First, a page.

I'm a big fan of the blame game and I'm quite good at it (which is not a good thing) because I can lay blame on someone else faster than you can say whodunit. I hate guilt and people trying to manipulate me through guilt, so I pretty much don't do it. It's a wasted emotion that robs people of their lives. Right now, though, I am really having trouble figuring out who to point the finger at. I will, literally, stand in the middle of my room and say out loud, "Who do I blame for this?" Do I blame God? God is sovereign and I both trust in that sovereignty and question it, since He chose to allow Brandon's death, when He could've snatched him right from death, again. Do I blame my parents for bringing me into this world and passing down such a painful legacy? Do I blame my husband for parenting differently than I did? Maybe this is God's way of making sure we don't pass on anymore sickness. And, OMG what if He makes sure with my daughter and she has to suffer the same loss...do you think if we make sure she has all girls she will be immune? Ultimately, my finger pointing stops here. Why didn't I see the potential for tragedy and just say no to children...why didn't I pray harder, longer...why didn't I learn to parent better...why didn't I keep him in church more...why did I not make every.single.day of his life the best day of his life? If I had been the perfect mom, I'm sure this would hurt a lot less.
Before you start looking up the numbers to refer me to the mental hospital, let me assure you that this is all part of how I am trying to work this out. I do feel awful. In knowing that I have ZERO control in this life, when it comes down to it, I still feel that I could've done something, even just changing the direction of one step, to keep my boy with me. I want him back so badly and wondering how I could've possibly kept him here, is something that keeps haunting me.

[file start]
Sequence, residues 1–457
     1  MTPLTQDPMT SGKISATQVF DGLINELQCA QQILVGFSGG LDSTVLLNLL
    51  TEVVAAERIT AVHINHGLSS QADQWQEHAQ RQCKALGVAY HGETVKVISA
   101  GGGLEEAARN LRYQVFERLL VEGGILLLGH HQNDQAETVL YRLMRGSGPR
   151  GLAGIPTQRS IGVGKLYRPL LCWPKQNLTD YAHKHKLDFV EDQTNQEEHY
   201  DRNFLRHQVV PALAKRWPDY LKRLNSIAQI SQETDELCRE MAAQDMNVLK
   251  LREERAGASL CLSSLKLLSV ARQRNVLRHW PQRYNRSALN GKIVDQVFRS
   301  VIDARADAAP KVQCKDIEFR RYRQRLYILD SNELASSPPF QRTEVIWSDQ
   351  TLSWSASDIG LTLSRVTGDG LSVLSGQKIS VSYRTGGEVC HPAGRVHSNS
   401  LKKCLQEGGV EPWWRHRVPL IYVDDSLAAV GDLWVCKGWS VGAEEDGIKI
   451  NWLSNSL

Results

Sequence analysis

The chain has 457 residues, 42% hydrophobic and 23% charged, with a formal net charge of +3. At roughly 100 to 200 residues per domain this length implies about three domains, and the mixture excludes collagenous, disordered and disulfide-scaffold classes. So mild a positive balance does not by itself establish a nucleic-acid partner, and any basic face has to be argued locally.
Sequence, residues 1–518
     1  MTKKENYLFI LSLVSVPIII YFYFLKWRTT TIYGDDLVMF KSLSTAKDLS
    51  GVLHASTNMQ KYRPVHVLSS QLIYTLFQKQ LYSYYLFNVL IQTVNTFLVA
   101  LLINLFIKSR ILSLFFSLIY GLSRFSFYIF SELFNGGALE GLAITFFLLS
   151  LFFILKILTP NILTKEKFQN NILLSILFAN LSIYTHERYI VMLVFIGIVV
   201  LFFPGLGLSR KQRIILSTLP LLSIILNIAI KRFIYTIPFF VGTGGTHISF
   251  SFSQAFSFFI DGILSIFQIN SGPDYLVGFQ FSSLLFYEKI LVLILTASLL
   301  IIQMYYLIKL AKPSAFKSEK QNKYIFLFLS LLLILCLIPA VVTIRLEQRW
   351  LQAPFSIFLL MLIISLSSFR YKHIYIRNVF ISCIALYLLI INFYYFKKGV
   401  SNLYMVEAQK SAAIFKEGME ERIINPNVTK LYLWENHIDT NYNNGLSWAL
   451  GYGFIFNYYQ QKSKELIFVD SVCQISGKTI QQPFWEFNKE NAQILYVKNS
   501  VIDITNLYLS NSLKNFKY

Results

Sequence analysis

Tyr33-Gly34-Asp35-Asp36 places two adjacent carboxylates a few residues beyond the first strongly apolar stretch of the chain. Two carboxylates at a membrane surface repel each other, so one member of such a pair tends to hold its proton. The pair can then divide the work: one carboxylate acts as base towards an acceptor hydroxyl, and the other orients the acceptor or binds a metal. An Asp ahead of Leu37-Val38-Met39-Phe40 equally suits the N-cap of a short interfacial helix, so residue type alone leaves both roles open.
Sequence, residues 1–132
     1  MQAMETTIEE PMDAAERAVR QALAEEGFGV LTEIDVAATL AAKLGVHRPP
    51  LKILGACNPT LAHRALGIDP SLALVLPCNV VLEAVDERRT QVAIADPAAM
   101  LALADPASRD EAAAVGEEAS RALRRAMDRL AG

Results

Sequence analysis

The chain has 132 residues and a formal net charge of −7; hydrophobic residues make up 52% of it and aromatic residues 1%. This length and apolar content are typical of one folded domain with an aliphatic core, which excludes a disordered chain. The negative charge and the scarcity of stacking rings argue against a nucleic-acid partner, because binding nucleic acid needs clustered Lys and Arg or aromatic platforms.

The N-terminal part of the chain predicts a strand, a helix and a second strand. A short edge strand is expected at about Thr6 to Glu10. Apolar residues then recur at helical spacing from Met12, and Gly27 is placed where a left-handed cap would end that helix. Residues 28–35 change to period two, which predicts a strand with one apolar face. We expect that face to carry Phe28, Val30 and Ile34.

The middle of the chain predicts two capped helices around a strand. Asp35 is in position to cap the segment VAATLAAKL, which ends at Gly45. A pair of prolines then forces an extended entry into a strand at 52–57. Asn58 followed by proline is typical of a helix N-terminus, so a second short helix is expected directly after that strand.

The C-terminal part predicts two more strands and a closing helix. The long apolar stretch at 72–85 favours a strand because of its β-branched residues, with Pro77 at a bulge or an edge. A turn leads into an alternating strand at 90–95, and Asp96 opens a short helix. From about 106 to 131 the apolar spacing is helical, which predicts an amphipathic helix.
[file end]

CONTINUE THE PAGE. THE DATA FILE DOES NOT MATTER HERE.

While I blame, I also comfort. Many emotions are fighting to be front and center in my mind right now. I blame myself and, in the same breath, try to remind myself that Brandon left a huge mark in this world. I am not being punished. Really, really wonderful people have also lost children. My guess is that most people who have lost children are probably pretty wonderful. I truly have no idea what Brandon was saved from in dying young. I fought for him, really and truly fought for him, since I found out I was pregnant with him. I loved him the best way I could, with every ounce of my being, which brings me back to blame because maybe it wasn't enough, but then I go back to getting over myself and say, it was the best I had with what I have.
Tonight, a boy at church called out, "Mom." I turned. I scolded myself for turning towards a boy's voice and then started crying because I'll never, in this lifetime, have a son to call me Mom. I will end with what I read, immediately after that happened...it's from a new book by Dr. Daniel Brown, called Embracing Grace.
Guiltiness gnaws at all of us. We worry that our specific wrongdoing has crossed an invisible line beyond the limits of grace. Plus we labor under a vague sense that we haven't done enough, prayed enough, or been good enough to be worthy of God. This biblically rich, highly accessible message offers you sturdy truths to silence condemnation and self-reproach.
And that's just it. Deep down, I know the truth and I know that I neither earned my son or lost him because I wasn't worthy. Right now, it doesn't stop me from begging for another chance to do better by Brandon, be a better mom, a better person, but I'm sure I'll eventually stop playing this game and accept what has been given to us all. Grace. I am generous with it. For you. For me....not so much...but I bet I'm about to learn some things I never knew about it and it's probably just in time.